Burqa ban counter-proposal: Swiss government wants tougher rules on face coverings

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Burqa ban counter-proposal: Swiss government wants tougher rules on face coverings
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The Swiss government has rejected a nationwide burqa ban but hopes to introduce a new law that would make it illegal for people to refuse to uncover their face when asked to do so by government officials, transport staff or privately-contracted ticket inspectors.


Under the plans, anyone who repeatedly refused to show their face to government officials working in sectors including migration, customs or social security, or to rail and aviation transport workers could be hit with a fine.

Burqas and niqabs are not specifically mentioned in the draft law, which refers to face coverings. However, Muslim women wearing these garments would also liable to a financial penalty if they did not show their face when asked to do so.

The government’s proposal still needs to be discussed by the Swiss parliament.

The draft law comes in response to a popular initiative calling for a nationwide ban on face coverings – including burqas and niqabs – in public places. The only exceptions would be for health, safety, weather or cultural reasons.

The initiative was put forward by the so-called Egerkingen committee, which has close links to Switzerland’s right-wing Swiss People’s Party, and which was behind the successful 2009 campaign for a minaret ban in the country.

The committee collected the 100,000 signatures required by Swiss law to trigger a referendum on the issue.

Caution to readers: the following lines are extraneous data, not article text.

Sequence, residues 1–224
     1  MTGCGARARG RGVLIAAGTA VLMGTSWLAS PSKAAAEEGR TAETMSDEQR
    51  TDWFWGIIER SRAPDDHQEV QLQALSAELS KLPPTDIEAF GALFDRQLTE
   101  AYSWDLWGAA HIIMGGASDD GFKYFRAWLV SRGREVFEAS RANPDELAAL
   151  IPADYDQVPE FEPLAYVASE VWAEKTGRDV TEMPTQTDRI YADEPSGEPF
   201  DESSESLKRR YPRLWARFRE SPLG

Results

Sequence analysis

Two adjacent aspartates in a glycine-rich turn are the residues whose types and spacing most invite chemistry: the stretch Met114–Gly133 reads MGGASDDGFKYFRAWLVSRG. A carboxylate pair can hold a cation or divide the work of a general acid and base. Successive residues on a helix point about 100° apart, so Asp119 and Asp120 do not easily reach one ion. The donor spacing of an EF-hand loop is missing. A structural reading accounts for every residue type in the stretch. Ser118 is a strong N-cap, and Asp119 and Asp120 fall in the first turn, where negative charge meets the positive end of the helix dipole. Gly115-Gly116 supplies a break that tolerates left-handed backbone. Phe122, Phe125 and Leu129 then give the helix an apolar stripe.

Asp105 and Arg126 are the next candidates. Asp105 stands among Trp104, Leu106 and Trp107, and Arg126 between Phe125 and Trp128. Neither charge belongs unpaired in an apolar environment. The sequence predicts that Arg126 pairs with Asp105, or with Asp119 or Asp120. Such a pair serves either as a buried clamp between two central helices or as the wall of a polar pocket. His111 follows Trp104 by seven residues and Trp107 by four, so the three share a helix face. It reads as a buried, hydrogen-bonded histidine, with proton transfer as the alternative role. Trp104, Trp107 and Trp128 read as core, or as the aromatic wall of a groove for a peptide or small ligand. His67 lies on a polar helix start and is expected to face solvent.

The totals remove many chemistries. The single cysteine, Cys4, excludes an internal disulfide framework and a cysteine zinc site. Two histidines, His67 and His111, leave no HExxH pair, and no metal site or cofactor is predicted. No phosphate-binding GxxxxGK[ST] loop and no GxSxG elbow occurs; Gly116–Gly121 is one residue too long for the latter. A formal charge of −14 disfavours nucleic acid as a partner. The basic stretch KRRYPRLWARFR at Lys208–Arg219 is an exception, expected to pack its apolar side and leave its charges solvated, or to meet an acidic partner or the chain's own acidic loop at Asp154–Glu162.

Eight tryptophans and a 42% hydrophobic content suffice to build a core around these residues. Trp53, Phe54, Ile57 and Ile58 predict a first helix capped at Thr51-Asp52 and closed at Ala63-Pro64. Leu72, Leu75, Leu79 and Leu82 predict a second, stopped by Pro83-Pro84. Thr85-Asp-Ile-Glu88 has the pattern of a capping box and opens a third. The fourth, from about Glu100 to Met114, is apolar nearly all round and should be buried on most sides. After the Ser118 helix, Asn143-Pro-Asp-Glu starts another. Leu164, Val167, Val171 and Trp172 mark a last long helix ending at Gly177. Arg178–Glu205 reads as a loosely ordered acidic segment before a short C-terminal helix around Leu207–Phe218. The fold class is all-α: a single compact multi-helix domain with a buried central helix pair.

Read also: How Switzerland's direct democracy system works

But the government has rejected a nationwide ban in favour of 'targeted action' on facial coverings.

And now, at the end of the consultation period, the executive has launched a revised counter proposal to the popular initiative on face coverings.

In doing so. it has also restated its position that a nationwide law on the matter would step on the toes of Switzerland’s powerful cantons.

In a statement on Friday, the government stated that if a national ban were in place, cantons could not make their own rules.

It noted that while the cantons of Ticino and St Gallen had introduced bans on face coverings, other cantons such as Zurich and Solothurn had chosen not to do so.

Read also: Swiss region of St Gallen votes overwhelmingly for burqa ban

The government said this was particularly problematic as it would mean cantons could no longer decide how they would deal with burqa and niqab-wearing tourists from Arab countries.

In its statement, the government also noted it has dropped a plan to include an article in its draft law that would have made it illegal to force someone wear a burqa or niqab. It said that laws were already in place which made this punishable by law.


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